Going Beyond Harm - August 2016The event was organised with Carers Trust Scotland and was aimed at carers of people (adults, children or young people) with mental health problems who have, or may have, used mental health services, such as inpatient services or community health service. The event brought together carers and staff from mental health services throughout Scotland.
The aim of the event was to gather carers' and staff views on how their involvement in services can help improve safety for service users, staff and carers within mental health services and, ultimately, share the learning with each other to support improvement and avoid harm. Following the event a report was shared with the attendees.
Going Beyond Harm Agenda
Going Beyond Harm Event Report
Phase 2 - Safety Principles in Mental Health and Phase 3 - Scoping Future Activity - March 2016
Meetings were held to allow workstream development groups to review, discuss and feedback on the safety principles as a whole. Attendees at the Phase 3 meeting also looked at gathering information on expanding into new areas and shaping the future programme.
Regional Learning Sessions - September 2015
The third round of regional learning sessions were held in September with a focus on the safety principles and overarching themes. Attendees had the opportunity to share learning, future plans and network. Feedback from the learning sessions will be published here in the coming weeks. To see tweets relating to the sessions please click here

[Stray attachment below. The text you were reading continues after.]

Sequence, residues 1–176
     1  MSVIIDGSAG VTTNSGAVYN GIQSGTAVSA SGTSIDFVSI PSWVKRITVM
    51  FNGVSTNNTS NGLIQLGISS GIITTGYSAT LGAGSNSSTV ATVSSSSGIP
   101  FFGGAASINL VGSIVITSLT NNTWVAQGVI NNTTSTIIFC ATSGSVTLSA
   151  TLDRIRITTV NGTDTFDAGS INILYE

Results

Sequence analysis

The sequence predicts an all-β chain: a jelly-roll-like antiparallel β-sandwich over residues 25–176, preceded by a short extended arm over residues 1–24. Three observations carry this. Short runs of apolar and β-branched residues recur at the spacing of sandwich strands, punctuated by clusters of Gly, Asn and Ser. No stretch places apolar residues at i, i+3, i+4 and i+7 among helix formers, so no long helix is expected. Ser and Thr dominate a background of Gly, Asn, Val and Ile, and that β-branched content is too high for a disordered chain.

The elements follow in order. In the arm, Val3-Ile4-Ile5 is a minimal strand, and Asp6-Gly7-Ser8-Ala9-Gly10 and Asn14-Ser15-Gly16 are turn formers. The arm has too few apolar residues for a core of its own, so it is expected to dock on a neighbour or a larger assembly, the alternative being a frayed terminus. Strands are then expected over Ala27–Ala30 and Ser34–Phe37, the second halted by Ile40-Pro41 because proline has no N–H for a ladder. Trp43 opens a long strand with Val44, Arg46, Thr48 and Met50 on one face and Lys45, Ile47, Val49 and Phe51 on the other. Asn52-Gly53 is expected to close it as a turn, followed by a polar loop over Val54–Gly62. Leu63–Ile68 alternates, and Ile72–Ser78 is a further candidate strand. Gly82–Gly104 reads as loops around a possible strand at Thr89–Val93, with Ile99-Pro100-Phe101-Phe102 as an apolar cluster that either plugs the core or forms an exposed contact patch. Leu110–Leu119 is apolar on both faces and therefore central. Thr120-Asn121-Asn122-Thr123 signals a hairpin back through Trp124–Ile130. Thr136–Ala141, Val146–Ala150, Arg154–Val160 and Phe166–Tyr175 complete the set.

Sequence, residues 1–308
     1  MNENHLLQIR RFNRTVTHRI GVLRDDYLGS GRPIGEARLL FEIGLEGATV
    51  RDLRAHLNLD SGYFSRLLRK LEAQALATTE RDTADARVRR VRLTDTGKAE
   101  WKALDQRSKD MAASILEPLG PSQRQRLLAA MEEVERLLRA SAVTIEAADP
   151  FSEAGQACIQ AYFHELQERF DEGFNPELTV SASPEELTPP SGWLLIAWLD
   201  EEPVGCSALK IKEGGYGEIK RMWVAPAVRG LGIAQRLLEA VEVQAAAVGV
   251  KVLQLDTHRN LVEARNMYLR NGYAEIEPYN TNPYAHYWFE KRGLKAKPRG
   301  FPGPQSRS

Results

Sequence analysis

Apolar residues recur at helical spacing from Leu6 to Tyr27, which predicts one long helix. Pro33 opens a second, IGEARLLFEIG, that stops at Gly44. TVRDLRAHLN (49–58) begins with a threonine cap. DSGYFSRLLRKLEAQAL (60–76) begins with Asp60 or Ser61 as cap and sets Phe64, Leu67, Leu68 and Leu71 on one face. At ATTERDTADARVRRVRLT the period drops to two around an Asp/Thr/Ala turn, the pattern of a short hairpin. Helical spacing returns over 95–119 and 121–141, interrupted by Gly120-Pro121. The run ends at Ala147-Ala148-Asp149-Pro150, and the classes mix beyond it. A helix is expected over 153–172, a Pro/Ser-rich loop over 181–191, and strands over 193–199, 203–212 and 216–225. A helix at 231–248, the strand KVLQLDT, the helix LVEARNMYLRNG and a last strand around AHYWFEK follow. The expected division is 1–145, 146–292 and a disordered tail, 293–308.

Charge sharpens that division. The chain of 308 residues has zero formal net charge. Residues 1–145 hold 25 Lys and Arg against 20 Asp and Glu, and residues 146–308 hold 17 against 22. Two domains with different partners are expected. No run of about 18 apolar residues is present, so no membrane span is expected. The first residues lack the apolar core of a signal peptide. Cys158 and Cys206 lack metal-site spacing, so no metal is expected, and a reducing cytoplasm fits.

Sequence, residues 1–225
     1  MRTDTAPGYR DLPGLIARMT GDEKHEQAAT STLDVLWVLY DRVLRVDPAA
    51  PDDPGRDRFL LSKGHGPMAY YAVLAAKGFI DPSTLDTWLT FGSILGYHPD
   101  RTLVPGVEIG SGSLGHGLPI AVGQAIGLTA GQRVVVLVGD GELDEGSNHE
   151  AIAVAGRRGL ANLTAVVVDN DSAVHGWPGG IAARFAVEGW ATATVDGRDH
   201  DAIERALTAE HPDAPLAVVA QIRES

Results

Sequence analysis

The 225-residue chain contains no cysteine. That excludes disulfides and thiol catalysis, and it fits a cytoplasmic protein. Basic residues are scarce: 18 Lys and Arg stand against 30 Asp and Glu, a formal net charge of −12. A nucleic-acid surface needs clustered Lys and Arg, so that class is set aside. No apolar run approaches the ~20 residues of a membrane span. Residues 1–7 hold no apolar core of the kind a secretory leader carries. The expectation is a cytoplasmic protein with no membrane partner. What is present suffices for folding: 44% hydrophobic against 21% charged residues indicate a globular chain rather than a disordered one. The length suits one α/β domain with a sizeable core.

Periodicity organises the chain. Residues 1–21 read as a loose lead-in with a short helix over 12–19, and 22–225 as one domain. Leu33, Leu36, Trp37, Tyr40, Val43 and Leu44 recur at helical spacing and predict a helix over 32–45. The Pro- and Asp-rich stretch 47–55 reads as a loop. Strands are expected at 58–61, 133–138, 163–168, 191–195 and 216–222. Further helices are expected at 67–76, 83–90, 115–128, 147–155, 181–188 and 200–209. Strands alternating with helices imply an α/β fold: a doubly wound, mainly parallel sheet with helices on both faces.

A sample agenda can be found here
To follow the story on twitter click here
Learning Session 5 - March 2015
Learning Session 5 of the Scottish Patient Safety Programme for Mental Health was held on the 4th of March. The event marked a period of time in the life of the programme where a number of areas across Scotland are showing reductions in restraint, violence and aggression and self harm.
The day was around what processes, attitudes and cultural aspects that have contributed to the same. Karen Martin from the Carers Trust addressed the delegates describing the Triangle of Care and her role as a carer. This was followed by a Programme Update from the SPSP-MH Clinical and Programme leads detailing work to date. Workshops were themed around the development of the key elements or ‘essentials’ in mental health that collectively contribute to a reduction in harm for those in receipt of care.